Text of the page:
The quality and frequency of maintenance for fans and blowers are just as important as the quality of their design, manufacture, and installation. Just as we sometimes forget to maintain our own health and well-being due to our busy schedules, we tend to neglect the less obvious maintenance requirements of the fans on boilers. The fans are moving fast, doing their jobs; and, as with our own bodies, we might tend to fall back on the old, “If it ain’t broke, don’t fix it” adage. Unfortunately, there could be some “silent” killers working on your fan, robbing performance and moving the fan closer to an unplanned shutdown, which would kill the boiler(s) and the necessary flow of the hot water and/or steam. 

The size and application range of boilers and their required fans vary widely. For simplicity, our focus will be on arrangement 3, 7, and 8 direct drive centrifugal fans on boilers up to 500,000 steam lb./hr. or approximately 150 MW as shown in Figure 1.

The fan manuals from each fan manufacturer usually have a list of items to maintain on the fan. Some of these include the change and relubrication of the fan and motor bearings, couplings, actuator, and damper linkage(s). Maintaining a record over time of vibration and temperature levels for both the motor and fan bearings makes it easier to identify possible bearing, coupling, and alignment issues.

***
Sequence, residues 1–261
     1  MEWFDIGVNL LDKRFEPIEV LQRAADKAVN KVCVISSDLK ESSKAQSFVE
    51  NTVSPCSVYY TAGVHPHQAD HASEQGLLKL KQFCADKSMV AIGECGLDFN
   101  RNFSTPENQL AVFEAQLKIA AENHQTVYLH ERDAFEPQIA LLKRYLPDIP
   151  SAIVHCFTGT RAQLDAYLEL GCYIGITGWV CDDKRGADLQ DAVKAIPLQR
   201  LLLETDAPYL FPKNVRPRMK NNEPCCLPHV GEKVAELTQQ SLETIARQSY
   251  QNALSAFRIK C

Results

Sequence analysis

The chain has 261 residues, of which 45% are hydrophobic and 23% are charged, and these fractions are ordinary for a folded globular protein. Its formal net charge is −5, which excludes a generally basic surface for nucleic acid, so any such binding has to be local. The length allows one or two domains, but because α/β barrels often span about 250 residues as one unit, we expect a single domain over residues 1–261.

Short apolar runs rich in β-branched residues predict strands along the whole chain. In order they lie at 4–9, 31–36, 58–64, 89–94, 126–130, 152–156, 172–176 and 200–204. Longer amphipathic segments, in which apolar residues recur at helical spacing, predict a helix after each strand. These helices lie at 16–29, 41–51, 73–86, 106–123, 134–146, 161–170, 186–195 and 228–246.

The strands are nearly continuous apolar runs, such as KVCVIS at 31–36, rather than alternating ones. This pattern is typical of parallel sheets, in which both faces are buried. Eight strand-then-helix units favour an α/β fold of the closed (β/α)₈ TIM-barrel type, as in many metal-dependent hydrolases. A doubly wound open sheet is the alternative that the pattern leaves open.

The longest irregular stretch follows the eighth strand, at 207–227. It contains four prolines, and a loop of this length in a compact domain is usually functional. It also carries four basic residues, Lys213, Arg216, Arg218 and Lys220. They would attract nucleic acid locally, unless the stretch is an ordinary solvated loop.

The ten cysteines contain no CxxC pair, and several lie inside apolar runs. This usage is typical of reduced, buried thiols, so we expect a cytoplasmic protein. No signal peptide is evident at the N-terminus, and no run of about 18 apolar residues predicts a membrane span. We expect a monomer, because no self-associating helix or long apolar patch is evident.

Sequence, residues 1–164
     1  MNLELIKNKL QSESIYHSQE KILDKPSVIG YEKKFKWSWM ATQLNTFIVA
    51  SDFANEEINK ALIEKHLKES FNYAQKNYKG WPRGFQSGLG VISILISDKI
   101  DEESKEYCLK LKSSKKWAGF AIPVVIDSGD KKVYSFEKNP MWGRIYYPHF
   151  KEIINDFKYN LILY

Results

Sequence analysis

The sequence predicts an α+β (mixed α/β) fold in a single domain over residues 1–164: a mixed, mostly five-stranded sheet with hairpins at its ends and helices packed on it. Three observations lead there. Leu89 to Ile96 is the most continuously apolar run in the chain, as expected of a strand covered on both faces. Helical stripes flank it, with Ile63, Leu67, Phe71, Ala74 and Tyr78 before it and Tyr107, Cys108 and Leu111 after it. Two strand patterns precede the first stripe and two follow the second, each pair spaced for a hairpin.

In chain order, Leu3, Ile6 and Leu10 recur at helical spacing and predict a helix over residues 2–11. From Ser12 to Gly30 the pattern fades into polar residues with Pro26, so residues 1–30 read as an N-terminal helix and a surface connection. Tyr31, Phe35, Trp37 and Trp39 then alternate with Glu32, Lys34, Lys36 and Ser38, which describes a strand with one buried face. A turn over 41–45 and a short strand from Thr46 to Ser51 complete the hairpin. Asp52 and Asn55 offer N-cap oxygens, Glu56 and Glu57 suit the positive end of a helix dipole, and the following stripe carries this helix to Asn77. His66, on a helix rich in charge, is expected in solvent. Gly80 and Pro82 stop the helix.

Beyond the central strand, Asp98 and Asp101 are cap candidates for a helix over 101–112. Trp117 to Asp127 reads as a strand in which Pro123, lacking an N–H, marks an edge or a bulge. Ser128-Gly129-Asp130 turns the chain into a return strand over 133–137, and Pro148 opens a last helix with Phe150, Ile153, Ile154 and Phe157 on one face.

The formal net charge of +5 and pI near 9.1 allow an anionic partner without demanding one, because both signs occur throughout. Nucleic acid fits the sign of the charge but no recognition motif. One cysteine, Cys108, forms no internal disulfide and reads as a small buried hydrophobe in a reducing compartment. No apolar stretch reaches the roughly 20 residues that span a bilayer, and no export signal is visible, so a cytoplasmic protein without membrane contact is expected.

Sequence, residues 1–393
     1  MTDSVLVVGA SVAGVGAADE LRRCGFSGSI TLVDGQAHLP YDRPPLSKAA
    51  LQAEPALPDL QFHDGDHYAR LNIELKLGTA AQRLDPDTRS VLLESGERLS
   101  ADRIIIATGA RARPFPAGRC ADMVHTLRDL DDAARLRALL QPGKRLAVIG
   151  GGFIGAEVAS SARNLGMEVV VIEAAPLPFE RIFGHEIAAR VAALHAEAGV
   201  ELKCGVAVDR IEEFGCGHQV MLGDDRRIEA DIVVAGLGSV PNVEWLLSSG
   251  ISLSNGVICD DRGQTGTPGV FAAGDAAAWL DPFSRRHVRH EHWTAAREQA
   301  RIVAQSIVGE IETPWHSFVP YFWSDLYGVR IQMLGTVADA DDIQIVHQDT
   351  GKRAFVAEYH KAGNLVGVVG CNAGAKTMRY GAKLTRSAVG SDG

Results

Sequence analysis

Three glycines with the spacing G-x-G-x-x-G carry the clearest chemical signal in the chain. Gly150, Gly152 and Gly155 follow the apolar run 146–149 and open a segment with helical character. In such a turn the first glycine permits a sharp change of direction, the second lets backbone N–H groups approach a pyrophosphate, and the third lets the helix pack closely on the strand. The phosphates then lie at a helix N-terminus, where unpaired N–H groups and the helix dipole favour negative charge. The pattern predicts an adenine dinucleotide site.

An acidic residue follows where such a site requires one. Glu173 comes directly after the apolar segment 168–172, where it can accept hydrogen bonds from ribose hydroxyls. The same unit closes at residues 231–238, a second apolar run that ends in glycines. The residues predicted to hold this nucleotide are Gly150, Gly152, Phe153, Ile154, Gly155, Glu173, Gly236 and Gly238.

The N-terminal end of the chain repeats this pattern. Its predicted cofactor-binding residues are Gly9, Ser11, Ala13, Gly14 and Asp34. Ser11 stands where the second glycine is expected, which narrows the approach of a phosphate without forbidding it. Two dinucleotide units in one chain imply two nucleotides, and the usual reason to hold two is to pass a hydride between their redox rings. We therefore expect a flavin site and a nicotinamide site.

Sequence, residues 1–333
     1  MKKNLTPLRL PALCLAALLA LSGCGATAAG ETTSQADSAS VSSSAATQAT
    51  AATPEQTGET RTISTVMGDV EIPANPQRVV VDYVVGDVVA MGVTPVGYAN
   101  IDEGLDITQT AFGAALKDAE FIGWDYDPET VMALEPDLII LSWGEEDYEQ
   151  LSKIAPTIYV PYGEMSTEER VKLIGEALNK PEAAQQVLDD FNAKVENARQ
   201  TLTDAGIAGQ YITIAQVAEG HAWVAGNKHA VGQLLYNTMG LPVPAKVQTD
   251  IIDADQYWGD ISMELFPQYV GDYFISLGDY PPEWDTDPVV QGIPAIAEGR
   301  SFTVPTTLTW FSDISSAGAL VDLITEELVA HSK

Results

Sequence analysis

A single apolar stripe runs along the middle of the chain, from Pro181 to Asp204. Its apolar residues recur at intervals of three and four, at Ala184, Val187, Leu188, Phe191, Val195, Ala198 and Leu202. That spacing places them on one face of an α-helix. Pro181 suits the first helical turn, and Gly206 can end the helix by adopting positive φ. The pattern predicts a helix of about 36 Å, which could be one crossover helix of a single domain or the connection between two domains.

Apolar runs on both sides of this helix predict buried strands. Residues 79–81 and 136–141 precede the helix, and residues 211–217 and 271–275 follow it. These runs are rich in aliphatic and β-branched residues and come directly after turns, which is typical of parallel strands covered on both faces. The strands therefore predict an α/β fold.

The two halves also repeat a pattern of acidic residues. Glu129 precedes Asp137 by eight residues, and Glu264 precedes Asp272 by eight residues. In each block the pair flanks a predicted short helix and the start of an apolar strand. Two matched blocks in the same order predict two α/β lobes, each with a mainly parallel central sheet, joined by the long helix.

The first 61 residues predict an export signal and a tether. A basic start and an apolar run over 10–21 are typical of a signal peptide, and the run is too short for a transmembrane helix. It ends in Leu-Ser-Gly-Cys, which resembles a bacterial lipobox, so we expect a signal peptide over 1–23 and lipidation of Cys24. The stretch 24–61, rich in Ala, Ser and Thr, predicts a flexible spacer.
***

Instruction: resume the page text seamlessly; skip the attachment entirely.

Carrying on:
There are some less obvious aerodynamic and mechanical maintenance inspections that should be performed to avoid the loss of performance and/or lead to a fan shutdown.


Inspections for aerodynamic issues

The dampers or variable inlet vanes (VIV) have bearings and/or bushings that may need to be inspected. Many times, the lubrication for these bearings is neglected or the bushing fails and the damper blade shaft becomes stuck and will not rotate. This will cause one or more of the damper blades to become out of sync, degrading the performance of the fan and causing excessive noise. Additionally, out-of-sync blades can introduce aerodynamic disturbances that can cause the blade to vibrate, break, and enter the fan, resulting in a system failure. A regular inspection inside the duct or fan to ensure these blades are in sync with each other can save wasted money on power usage and may prevent a fan shutdown. Figures 2A and 2B show a VIV and fan inlet damper with all the blades in sync.

The shaft seal(s) on the fan at the point where the fan shaft enters the housing on arrangement 3, 7, and 8 fans wear over time and will allow air leakage. This will also degrade the performance of the fan and cause excessive noise to leak from the inside of the fan. Figure 3 shows a worn fan seal allowing air leakage.

The inlet cone to an impeller wheel may become out of alignment or wear, allowing for a recirculation of the air inside the fan. The inlet cone must always penetrate the impeller inlet and have the proper radial clearance (gap) between the impeller inlet and inlet cone. A gap will cause the fan to underperform. Figure 4 shows an inlet cone (stationary part) approximately 1 inch (25 mm) separated from the impeller wheel. This is an incorrect setting for the inlet cone. The cone should penetrate into the eye of the impeller per the manufacturer’s recommendation.